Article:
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Cesarean Section Procedure, Step by Step

Cesarean section (or c-section) is a very common and well-established surgical incision in the abdomen and uterus that many women undergo during childbirth.

In Western countries, Caesarean section rates have risen rapidly over the last decade. In fact, the number of Caesarean sections performed is about one-third of the total number of births in the United States of America. The reasons for this are multifactorial but are partly related to the increase in medical proceedings, coupled with increased access to medical care, the equipment, and the expertise needed.

Why is it done?

This procedure is often used for many reasons, including high-risk pregnancies, prolonged labor, large babies, multiple babies, fetal distress, miscarriage, un-recommended previous cesarean delivery, placenta previa, and umbilical cord prolapse.

What to expect?

When the decision to make a Caesarean section is made before childbirth, it is often referred to as a planned or scheduled incision. Decisions can also be made during labor. This may be due to labor being painstaking too long, the mother or baby not giving birth properly, or not tolerating labor well. This is commonly referred to as an unplanned cesarean section. In some cases, it is a real emergency, and surgery can be done very quickly, such as placental interruption, severe bleeding, or fetal distress.

Knowing what to expect, you may feel the procedure more comfortable. Here is a step-by-step explanation of the c-section.

Cesarean Section Preparation and Anesthesia

Before surgery, you will be anesthetized, a block of regional pain, such as an epidural or spinal cord block. With regional anesthesia, you can wake up and confirm your child’s birth at the same time without feeling any pain during surgery. General anesthesia is used in some emergencies, which means you will be asleep.

The nurses and doctors occupy the room with equipment and warmers for the baby while under anesthesia. Administration of anesthesia may take 20 to 30 minutes. This will cause a strong, quick, and effective numbness.

Sometimes your arms are tied in a T position away from your side. This is done to prevent accidental interruption of operation. You can also insert a catheter. A cloth is placed on the abdomen so that you do not look directly at the incision. But you can see doctors, and more importantly, babies when they are born. In most cases, the patient’s partner in the operating room provides support and confirms childbirth.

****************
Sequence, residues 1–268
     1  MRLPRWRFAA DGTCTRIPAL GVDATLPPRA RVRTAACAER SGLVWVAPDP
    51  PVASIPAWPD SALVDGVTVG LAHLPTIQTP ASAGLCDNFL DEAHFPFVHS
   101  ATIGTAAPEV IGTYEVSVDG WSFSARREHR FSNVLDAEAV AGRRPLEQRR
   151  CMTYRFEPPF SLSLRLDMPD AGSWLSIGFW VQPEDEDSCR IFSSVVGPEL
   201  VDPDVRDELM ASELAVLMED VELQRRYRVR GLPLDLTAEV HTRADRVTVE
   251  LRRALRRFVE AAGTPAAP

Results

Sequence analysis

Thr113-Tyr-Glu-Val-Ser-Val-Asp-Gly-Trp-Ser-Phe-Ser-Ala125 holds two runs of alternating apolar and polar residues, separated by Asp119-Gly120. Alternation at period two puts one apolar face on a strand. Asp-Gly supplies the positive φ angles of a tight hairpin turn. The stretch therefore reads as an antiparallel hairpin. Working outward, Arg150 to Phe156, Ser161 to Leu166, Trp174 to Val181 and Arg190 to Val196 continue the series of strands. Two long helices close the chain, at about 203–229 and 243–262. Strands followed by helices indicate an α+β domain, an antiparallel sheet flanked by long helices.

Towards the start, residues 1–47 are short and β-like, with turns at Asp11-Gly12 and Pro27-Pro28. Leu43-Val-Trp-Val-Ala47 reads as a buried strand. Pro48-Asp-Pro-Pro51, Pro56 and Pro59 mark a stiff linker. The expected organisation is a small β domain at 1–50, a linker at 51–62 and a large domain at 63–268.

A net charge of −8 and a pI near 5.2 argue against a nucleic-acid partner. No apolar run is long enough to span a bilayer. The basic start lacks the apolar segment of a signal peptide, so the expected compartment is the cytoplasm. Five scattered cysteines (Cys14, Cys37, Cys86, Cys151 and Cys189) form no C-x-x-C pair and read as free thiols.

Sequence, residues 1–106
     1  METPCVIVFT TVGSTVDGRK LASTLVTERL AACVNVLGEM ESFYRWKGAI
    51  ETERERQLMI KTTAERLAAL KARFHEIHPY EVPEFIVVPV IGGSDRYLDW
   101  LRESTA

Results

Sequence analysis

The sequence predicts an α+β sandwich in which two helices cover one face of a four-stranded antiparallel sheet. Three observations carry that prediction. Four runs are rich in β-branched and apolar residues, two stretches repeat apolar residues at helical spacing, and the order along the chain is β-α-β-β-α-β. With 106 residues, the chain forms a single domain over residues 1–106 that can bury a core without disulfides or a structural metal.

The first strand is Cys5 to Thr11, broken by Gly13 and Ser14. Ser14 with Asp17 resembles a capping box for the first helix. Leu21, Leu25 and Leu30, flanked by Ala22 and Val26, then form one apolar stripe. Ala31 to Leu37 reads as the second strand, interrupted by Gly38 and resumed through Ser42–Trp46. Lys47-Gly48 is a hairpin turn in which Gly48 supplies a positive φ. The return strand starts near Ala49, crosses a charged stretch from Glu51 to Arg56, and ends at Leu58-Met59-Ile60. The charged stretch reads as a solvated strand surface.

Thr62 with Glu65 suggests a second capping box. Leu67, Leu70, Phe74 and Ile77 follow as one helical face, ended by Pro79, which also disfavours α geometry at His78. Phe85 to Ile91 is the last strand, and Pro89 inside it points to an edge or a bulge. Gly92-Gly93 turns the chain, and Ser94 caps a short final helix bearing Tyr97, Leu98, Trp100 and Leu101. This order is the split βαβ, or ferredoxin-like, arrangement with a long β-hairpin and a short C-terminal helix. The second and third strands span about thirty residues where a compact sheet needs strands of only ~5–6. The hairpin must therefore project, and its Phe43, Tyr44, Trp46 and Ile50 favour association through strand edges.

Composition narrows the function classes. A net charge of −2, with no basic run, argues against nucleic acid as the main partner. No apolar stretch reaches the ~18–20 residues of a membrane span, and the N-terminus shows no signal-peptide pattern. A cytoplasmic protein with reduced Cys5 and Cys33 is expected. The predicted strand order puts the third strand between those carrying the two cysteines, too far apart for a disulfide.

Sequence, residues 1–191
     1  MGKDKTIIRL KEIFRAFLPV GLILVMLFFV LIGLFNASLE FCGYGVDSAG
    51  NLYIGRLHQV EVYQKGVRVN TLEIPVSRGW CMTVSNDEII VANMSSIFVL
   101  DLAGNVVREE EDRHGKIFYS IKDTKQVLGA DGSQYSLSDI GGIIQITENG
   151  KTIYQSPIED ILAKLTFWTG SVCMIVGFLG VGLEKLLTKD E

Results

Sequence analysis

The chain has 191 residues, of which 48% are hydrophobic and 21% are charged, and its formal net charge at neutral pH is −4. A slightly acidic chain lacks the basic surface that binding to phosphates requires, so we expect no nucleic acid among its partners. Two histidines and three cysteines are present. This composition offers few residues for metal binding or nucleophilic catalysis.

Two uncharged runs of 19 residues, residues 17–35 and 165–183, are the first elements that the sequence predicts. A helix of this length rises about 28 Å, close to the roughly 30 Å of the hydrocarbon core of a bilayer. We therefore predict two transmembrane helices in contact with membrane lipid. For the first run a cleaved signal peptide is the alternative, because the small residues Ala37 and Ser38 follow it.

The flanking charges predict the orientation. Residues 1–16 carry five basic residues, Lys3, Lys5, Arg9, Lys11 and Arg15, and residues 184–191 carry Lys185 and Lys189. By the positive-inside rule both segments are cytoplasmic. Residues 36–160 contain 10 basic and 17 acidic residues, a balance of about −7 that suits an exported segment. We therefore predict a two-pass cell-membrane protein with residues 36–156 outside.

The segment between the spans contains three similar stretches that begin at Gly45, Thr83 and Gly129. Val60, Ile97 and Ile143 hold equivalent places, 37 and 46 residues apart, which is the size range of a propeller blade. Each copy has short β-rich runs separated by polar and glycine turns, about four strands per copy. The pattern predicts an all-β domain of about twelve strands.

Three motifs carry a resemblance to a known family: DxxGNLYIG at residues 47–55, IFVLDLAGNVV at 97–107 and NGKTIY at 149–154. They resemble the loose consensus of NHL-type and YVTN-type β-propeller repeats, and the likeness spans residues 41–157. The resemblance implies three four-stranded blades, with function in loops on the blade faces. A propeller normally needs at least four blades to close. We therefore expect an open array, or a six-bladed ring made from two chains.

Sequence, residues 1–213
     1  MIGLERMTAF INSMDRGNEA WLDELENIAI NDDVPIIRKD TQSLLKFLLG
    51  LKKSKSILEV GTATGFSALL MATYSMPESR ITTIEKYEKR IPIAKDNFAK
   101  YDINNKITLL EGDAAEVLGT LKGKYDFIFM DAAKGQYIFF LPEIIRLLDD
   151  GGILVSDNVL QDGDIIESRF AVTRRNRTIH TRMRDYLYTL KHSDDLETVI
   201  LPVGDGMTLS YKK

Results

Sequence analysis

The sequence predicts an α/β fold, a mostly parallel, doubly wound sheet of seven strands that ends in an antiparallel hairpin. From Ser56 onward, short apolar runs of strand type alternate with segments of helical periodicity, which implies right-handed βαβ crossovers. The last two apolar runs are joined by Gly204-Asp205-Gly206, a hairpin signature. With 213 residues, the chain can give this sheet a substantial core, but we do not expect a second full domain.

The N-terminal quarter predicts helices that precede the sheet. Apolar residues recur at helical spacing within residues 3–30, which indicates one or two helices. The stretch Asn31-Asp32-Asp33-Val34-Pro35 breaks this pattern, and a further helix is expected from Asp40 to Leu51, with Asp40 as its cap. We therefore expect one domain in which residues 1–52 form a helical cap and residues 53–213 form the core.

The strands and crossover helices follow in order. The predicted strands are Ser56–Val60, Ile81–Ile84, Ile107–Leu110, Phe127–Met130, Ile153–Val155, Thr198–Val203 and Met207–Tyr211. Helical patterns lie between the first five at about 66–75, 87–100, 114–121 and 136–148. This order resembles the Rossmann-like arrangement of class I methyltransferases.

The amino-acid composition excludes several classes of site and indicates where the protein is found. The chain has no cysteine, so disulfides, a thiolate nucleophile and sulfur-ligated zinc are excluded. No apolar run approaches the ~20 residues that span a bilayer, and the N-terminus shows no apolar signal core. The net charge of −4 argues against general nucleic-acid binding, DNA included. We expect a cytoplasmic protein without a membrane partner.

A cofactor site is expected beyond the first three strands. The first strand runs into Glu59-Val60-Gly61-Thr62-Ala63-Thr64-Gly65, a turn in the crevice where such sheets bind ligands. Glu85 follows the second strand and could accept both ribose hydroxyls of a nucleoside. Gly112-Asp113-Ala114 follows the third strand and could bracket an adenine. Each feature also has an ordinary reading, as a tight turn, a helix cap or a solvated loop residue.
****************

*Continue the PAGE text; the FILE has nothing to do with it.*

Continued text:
Initial Incision

The mother in the operating room is covered with a sterile curtain while the first incision is made in the abdomen. In most cases, the incision is horizontal (lower abdomen, below the navel, just above or below the onset of pubic hair).

Vertical incisions are usually used only in emergencies or complex situations where better access to the baby is needed. The disadvantage of a vertical incision is that VBAC is not possible in subsequent pregnancies due to uterine rupture, and the scar is more noticeable. On the plus side, this type of incision usually reduces maternal bleeding.

Also, note that you do not need to shave in advance. Hospital staff will do this as needed, but it may not be necessary.

Follow-Up Incisions

There are various layers that the surgeon must pass through before reaching the baby. These include amputations of the skin, fat into the abdomen and uterus. The abdominal muscles are not cut but are pulled apart to access the uterus. The bladder and intestines may also need to be separated.

Doctors use a variety of instruments during surgery as they pass through each layer of the body. You may also hear the noise of a machine used to burn small blood vessels to prevent excessive bleeding. There may be an offensive odor due to disinfectants, which is a burning odor. Cesarean section is the major surgery (invasive surgery that enters the body cavity such as the abdomen), but it is very safe and effective.

However, as with surgery for infections, blood clots, and bleeding, there are risks but serious complications are rare.

Suctioning of Amniotic Fluids

When the doctor reaches the uterus, you will hear a suction sound. After the uterus is cut, amniotic fluid is aspirated, leaving a little more space in the uterus for the doctor’s hands and instruments such as forceps and vacuum cleaners that are sometimes used to facilitate the removal of the baby. Forceps are less frequent than vacuum cleaners.